When our church leaders began to dialogue about the structural needs of our church almost a year ago, it was a list that kept getting longer and well beyond our financial means. At the top of the list were our leaky gym and school roofs as well as some old HVAC units. Then we noticed our worn out (and in places, torn) carpet that was long over due for replacement. All of these became prominent in the list of many needs. But how were we going to tackle such a large and growing list?
Then lightning struck … literally!
This untimely inconvenience that fried our HVAC unit, thermostats, A/V equipment, and even our organ (among many other items), became the surprising means through which the Lord would answer our prayers. We were not expecting the insurance company to provide so much of the means through which the damaged A/V equipment, HVAC unit, and organ could be replaced.
Lightning does not strike churches only, it can strike our lives as well.
Then lightning struck again! This time in the form of bursted water pipes. The damage was quite extensive leading us to relocate all of our children’s Sabbath School classes, as well as furniture. Again through this misfortune the Lord is using our insurance company to provide for our church needs that were well beyond our present financial means.
So it is evident that as we are praying, God is answering – though in some uncomfortable and unpredictable ways. I wonder if these temporary discomforts should discourage us to stop praying or trusting God. Should the unexpected discomforts lead us to be afraid of God’s lightning … or to see Him in it?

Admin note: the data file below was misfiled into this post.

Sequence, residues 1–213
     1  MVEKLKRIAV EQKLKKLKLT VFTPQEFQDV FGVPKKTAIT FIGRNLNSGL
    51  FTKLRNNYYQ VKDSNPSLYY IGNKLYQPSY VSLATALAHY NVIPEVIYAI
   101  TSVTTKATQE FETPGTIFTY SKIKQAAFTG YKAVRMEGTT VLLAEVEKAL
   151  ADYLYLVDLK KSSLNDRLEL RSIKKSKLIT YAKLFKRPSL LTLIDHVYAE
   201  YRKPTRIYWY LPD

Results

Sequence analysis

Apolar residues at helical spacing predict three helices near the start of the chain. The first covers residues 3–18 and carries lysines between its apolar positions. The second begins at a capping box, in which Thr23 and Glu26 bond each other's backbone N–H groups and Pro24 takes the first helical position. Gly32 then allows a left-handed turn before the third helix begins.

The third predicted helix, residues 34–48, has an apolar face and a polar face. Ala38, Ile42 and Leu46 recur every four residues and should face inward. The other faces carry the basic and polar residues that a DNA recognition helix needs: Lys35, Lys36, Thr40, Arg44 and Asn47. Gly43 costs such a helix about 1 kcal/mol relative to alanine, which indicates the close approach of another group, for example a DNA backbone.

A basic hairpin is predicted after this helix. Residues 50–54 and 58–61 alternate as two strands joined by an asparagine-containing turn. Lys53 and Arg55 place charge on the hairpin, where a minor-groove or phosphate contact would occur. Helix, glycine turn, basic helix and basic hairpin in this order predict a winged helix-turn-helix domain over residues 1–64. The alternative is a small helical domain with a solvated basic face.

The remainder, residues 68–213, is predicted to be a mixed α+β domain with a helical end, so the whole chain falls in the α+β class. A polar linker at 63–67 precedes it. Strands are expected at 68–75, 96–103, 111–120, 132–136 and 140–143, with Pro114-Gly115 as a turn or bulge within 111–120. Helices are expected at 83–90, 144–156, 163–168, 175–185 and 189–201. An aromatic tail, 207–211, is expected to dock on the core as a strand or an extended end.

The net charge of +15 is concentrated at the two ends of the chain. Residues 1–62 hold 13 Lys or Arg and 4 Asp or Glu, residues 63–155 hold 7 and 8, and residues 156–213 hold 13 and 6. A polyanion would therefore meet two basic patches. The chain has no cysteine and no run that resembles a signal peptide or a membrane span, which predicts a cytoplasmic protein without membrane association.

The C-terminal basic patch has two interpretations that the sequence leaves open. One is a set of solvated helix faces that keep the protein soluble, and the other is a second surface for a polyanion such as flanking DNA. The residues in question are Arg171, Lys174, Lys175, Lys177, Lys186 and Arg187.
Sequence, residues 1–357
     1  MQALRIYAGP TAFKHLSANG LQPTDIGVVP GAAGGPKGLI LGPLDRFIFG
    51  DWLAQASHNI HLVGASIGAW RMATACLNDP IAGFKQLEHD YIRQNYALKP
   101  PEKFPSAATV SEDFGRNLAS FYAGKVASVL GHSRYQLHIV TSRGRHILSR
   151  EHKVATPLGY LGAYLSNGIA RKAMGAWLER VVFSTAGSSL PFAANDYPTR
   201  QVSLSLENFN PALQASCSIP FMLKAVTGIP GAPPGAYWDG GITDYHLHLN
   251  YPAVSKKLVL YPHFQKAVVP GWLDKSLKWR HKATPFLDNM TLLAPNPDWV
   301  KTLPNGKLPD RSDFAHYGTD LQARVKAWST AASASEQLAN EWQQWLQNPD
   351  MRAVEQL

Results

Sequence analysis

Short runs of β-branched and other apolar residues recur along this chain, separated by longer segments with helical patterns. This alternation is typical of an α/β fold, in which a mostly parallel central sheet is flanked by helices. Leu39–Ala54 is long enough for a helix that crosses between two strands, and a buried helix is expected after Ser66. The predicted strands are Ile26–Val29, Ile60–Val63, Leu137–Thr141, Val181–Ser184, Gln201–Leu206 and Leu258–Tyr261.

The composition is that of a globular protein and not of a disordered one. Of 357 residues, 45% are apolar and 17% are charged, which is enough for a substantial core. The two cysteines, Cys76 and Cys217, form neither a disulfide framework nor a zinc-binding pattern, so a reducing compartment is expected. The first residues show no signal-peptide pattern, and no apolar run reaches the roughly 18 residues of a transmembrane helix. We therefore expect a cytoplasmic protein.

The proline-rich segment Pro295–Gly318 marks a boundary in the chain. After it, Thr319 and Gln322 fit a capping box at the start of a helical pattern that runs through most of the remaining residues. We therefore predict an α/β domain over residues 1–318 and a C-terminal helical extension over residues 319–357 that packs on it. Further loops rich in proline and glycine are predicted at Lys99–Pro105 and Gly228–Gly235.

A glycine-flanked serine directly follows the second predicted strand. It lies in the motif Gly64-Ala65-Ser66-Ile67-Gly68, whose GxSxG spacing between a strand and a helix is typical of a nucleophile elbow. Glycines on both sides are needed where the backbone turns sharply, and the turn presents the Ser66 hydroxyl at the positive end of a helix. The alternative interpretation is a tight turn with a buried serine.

It seems that God has made our church a living sermon. A sermon that challenges how we relate to persistent prayer, trusting commitment, and faithful stewardship at a personal level. Lightning does not strike churches only, it can strike our lives as well.
We could ask ourselves if we have been tempted to stop praying when the answer to our prayers is a lightning bolt or a broken pipe, or another uncomfortable or unpredictable experience.
I believe the Lord allowed this to turn out the way it did for various reasons. One of them may well be to provide tangible proof that we can trust Him with our needs that extend well beyond our means (not just financial). That He can and will provide, often from where we least expect it.
Does He care more about the walls, carpet, and pipes of the church but less for the church members?
Another reason could be to encourage us to remain faithful in the midst of lightning, flooding, or other unfortunate circumstance in our life. Could God care more about the walls, carpet, and pipes of the church but less for the church members? Which is His church for which He gave His life? The building or the people? You and I are His church, precious and highly esteemed in His sight. Should we not trust His promise: “But seek first the kingdom of God, and His righteousness, and all these things shall be added to you.”? (Matthew 6:25-34)
I pray that as we eat and fellowship in our dry gym (no leaks), or experience a warm breeze from the vents (HVAC) or eventually step on new carpet, these will be the evidence of things not seen, the substance of the things we hope for (see Hebrews 11). Whatever may the need, whatever may be broken, whatever may be lost, our church building assures us we can trust God and be at peace.
Praying for you,
Pastor Ariel, Dalyn, and Gianna